Presentation_1_Macrophage Polarization in Leprosy–HIV Co-infected Patients.PPTX (88.11 kB)

Presentation_1_Macrophage Polarization in Leprosy–HIV Co-infected Patients.PPTX

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posted on 29.07.2020, 04:40 by Tatiana Pereira da Silva, Tamiris Lameira Bittencourt, Ariane Leite de Oliveira, Rhana Berto da Silva Prata, Vinicius Menezes, Helen Ferreira, José Augusto da Costa Nery, Eliane Barbosa de Oliveira, Gilberto Marcelo Sperandio da Silva, Euzenir Nunes Sarno, Roberta Olmo Pinheiro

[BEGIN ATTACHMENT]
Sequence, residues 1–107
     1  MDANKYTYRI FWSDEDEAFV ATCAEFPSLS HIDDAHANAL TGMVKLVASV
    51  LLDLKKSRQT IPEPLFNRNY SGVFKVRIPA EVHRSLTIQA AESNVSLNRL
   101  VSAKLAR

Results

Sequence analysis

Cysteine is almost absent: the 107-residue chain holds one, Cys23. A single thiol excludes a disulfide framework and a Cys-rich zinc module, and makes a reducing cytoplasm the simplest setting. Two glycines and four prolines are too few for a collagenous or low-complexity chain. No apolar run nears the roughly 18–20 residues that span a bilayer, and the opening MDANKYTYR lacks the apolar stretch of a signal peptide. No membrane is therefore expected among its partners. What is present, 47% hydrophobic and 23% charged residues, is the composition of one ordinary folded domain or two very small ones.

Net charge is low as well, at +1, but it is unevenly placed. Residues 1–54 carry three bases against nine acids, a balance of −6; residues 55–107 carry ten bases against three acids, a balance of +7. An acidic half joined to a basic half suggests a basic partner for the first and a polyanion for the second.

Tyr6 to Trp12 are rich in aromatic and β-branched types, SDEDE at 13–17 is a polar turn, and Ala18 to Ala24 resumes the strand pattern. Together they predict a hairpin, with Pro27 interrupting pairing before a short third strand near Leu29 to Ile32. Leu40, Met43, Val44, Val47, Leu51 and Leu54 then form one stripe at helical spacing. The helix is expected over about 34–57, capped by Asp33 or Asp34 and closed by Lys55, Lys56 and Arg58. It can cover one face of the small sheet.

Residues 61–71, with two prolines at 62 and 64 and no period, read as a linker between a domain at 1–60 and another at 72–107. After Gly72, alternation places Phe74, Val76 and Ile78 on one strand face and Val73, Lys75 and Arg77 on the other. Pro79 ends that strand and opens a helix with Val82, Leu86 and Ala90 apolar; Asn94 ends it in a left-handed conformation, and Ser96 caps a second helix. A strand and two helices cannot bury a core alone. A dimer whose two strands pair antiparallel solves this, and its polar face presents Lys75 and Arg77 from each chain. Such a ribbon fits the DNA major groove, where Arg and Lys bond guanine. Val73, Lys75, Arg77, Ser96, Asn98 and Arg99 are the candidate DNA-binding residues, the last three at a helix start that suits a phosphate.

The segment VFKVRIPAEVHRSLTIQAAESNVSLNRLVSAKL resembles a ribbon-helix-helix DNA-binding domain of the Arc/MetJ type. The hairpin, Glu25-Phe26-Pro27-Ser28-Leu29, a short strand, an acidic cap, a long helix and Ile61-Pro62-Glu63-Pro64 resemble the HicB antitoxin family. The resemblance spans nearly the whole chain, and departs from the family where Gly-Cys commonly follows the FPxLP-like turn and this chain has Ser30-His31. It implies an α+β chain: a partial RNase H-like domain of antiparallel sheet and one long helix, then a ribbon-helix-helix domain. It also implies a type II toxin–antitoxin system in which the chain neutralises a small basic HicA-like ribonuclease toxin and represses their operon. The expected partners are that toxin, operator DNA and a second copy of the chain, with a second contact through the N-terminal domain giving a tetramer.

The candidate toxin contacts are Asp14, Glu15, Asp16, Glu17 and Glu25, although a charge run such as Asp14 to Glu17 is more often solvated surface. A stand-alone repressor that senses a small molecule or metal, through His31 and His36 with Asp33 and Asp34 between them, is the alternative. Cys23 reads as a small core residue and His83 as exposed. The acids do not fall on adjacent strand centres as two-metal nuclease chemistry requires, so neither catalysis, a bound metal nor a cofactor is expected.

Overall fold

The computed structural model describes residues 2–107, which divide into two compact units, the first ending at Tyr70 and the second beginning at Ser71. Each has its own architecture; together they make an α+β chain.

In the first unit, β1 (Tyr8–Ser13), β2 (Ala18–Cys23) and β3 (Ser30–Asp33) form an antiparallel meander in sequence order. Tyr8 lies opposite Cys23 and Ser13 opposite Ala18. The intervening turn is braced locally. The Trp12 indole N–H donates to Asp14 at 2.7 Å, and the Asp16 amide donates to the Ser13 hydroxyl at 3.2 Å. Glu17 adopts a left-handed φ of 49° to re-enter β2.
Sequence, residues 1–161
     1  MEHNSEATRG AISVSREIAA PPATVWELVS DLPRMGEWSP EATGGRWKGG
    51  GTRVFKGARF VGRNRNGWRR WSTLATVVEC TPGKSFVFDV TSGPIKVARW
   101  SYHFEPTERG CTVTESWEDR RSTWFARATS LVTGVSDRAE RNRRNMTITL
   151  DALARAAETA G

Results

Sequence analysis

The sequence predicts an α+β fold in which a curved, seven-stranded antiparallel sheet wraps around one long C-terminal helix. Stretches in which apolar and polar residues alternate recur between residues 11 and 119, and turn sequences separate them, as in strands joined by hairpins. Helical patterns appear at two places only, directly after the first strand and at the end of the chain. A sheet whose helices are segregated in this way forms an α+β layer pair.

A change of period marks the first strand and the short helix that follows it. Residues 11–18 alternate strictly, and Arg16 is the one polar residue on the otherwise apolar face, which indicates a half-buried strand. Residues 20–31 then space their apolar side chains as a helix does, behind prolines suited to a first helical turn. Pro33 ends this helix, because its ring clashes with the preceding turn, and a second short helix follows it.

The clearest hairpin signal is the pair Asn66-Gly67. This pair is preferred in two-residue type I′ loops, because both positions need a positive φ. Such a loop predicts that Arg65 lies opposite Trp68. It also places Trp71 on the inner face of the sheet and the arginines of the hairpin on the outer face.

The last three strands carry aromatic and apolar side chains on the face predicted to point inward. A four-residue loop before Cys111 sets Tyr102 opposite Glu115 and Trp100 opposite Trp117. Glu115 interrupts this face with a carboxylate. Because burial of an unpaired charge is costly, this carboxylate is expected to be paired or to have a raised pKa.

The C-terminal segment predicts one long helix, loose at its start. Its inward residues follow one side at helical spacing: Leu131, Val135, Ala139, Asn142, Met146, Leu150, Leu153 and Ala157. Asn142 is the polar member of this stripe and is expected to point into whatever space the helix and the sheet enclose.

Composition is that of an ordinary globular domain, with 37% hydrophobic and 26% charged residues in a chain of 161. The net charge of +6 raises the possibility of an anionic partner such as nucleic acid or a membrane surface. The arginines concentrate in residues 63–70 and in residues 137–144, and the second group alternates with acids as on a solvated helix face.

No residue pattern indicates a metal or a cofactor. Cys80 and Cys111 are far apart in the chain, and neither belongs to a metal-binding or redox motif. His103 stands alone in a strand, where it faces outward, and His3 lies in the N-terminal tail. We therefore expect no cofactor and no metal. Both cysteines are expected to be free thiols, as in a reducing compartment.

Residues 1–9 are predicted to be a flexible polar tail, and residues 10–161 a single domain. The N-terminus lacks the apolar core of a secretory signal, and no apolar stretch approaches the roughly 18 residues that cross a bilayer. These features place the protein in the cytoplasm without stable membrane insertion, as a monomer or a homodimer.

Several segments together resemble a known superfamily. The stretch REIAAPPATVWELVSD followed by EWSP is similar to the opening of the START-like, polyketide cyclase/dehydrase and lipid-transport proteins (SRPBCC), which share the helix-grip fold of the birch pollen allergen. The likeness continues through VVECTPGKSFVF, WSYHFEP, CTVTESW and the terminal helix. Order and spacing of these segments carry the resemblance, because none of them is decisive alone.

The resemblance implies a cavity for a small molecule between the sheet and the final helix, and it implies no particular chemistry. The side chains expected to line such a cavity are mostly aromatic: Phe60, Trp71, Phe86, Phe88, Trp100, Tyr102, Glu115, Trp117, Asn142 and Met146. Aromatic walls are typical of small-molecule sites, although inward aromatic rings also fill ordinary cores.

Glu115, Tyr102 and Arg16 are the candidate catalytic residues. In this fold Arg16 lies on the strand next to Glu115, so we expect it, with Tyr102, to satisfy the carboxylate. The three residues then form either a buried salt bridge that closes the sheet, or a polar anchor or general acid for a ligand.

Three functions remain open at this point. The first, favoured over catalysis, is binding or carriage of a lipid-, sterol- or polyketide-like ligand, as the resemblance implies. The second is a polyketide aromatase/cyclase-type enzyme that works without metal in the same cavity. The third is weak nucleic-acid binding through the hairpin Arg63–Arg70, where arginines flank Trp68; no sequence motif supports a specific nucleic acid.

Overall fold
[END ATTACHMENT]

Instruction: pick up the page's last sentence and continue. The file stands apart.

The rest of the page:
In HIV-infected individuals, a paradoxical clinical deterioration may occur in preexisting leprosy when highly active antiretroviral therapy (HAART)-associated reversal reaction (RR) develops. Leprosy–HIV co-infected patients during HAART may present a more severe form of the disease (RR/HIV), but the immune mechanisms related to the pathogenesis of leprosy–HIV co-infection remain unknown. Although the adaptive immune responses have been extensively studied in leprosy–HIV co-infected individuals, recent studies have described that innate immune cells may drive the overall immune responses to mycobacterial antigens. Monocytes are critical to the innate immune system and play an important role in several inflammatory conditions associated with chronic infections. In leprosy, different tissue macrophage phenotypes have been associated with the different clinical forms of the disease, but it is not clear how HIV infection modulates the phenotype of innate immune cells (monocytes or macrophages) during leprosy. In the present study, we investigated the phenotype of monocytes and macrophages in leprosy–HIV co-infected individuals, with or without RR. We did not observe differences between the monocyte profiles in the studied groups; however, analysis of gene expression within the skin lesion cells revealed that the RR/HIV group presents a higher expression of macrophage scavenger receptor 1 (MRS1), CD209 molecule (CD209), vascular endothelial growth factor (VEGF), arginase 2 (ARG2), and peroxisome proliferator-activated receptor gamma (PPARG) when compared with the RR group. Our data suggest that different phenotypes of tissue macrophages found in the skin from RR and RR/HIV patients could differentially contribute to the progression of leprosy.

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